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Olympic Fencer Mariel Zagunis on Gold Medals and Surviving the Opening Ceremonies

The Beaverton native and sabre champ drops her guard.

By Bart Blasengame August 17, 2012 Published in the August 2008 issue of Portland Monthly

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Image: Pete Stone

Your life changed after you stepped off the podium in Athens in 2004. How have you dealt with going from just plain Mariel to gold-medal-winning-Olympic-champion Mariel Zagunis? Things got really crazy almost immediately. Generally I’m a pretty grounded person, but you see your name in the newspaper, people wanting your autograph, people recognizing you—it was all so very overwhelming and hard to deal with. I was like, ‘Why are people freaking out?’ I kind of went through it, and I’ve got a persona now. It’s like, ‘OK, I’m a really good fencer,’ and when I’m competing I can feel the pressure and the eyes on me. But every other time of the day, I don’t even think about it. Ultimately I’m very much unchanged.

Except for all the traveling from tournament to tournament, I would guess. You’ve already been to competitions in China, Cuba, Las Vegas, and New York this year… Actually, that’s just in the past three weeks.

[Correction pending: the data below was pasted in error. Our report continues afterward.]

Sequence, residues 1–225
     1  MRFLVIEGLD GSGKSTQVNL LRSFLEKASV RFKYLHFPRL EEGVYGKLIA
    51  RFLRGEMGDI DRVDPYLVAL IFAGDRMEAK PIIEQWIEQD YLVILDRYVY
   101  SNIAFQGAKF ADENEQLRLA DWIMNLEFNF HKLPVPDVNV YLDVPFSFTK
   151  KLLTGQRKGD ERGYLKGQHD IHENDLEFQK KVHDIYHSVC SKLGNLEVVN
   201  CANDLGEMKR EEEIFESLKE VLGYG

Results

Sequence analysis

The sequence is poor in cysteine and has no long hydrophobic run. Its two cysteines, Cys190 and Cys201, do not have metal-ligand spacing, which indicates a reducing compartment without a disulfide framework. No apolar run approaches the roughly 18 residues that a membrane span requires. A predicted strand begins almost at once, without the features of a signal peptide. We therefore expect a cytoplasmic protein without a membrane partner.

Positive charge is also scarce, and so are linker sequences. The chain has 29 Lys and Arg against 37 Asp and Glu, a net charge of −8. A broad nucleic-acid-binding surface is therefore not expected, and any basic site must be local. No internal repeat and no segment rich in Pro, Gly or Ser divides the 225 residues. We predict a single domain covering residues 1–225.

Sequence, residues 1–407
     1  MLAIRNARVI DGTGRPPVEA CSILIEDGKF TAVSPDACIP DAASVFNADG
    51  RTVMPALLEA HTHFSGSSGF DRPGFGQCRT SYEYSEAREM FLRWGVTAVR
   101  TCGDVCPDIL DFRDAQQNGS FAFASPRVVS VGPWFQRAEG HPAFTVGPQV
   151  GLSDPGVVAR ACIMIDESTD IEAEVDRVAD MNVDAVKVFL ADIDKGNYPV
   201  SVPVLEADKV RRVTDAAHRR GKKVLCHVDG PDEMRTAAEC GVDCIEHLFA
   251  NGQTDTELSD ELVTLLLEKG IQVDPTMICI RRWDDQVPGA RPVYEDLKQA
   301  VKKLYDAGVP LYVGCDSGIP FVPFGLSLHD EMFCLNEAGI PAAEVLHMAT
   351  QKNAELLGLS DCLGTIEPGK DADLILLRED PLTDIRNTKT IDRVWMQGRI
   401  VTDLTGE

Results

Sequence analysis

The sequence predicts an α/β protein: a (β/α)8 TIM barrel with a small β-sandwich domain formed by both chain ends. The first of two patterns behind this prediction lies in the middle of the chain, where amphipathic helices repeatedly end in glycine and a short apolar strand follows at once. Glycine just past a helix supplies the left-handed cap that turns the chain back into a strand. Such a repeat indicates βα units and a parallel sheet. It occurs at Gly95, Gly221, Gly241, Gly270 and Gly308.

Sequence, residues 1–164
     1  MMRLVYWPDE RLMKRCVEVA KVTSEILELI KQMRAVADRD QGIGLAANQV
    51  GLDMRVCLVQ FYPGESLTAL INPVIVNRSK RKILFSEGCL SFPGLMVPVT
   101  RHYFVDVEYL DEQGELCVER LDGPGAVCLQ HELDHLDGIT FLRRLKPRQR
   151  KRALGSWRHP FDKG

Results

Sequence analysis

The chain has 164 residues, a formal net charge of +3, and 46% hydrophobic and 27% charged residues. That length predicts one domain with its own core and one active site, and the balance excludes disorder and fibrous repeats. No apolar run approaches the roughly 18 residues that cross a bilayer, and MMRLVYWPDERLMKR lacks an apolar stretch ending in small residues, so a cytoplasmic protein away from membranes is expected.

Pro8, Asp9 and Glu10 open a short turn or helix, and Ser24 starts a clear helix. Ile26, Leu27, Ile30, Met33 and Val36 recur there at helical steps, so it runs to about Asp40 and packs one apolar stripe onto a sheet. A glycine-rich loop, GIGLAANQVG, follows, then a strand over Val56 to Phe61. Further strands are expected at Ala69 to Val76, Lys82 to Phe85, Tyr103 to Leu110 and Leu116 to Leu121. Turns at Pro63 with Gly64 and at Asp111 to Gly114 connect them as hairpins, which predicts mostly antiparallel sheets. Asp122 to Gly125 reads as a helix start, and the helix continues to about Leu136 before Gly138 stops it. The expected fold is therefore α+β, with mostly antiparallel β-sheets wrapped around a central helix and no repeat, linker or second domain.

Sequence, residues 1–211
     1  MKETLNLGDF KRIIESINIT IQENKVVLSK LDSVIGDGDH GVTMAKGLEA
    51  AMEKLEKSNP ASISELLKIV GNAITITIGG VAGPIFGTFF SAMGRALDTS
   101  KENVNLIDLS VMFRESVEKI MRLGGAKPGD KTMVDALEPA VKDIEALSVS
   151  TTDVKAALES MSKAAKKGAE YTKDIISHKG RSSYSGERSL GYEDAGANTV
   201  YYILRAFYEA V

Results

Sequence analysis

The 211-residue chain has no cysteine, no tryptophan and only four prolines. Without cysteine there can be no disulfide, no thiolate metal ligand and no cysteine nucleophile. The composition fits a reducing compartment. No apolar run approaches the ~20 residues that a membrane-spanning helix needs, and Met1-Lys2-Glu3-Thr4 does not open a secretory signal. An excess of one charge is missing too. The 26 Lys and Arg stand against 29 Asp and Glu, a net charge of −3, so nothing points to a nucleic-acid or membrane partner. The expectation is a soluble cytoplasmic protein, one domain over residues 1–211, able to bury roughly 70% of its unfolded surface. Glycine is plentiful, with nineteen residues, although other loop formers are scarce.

Jeez. So, how does fencing competitively in the United States compare to other parts of the world? Well, it’s not like we’re making millions of dollars, that’s for sure. In places like Italy, though, fencers are superstars. At the Athens Olympics, Italy had two medal winners and there were paparazzi following them around everywhere. They’re pretty serious about fencing in France and China as well.

All that travel has got to be a lot of fun, but shouldn’t you be graduating from Notre Dame right about now? Yeah, but I don’t want to look back and be like, ‘Wow, I gave up such a great experience’ for something I could do anytime in my life.

Your parents were both Olympians on the 1976 US rowing team. How did that affect your athletic endeavors as a child? It helped. It’s one thing if your parents are pushing a sport on you because they’re like a stage mom or living through their children, but my parents had been there. They’d done that. So they pushed me in all the right ways. They knew exactly what I was going through during the Olympics.

There’s been a lot of talk about doping and drug tests leading up to the Beijing Olympics, but you don’t hear fencing mentioned much in the equation. We’re not a very high-profile sport. I mean, maybe once in a blue moon somebody tests positive for weed or something.

Since we’re talking controversy, you aren’t taking part in the opening ceremonies in Beijing, but it’s not because of any kind of political statement or protest, right? I’d love to be there, but our competition starts at 8 the next morning. In Athens we were standing around for so long—marching for, like, five hours. Believe it or not, it takes a lot out of you.

What do you think when you see those weepy Visa Olympics commercials with the Morgan Freeman voice-over? I love them. It brings back a lot of memories seeing people like Kerri Strug in all their glory. But I don’t really think, ‘Oh my god, that’s me!’ It’s more like, ‘The Olympics—that’s something that’s really special.’

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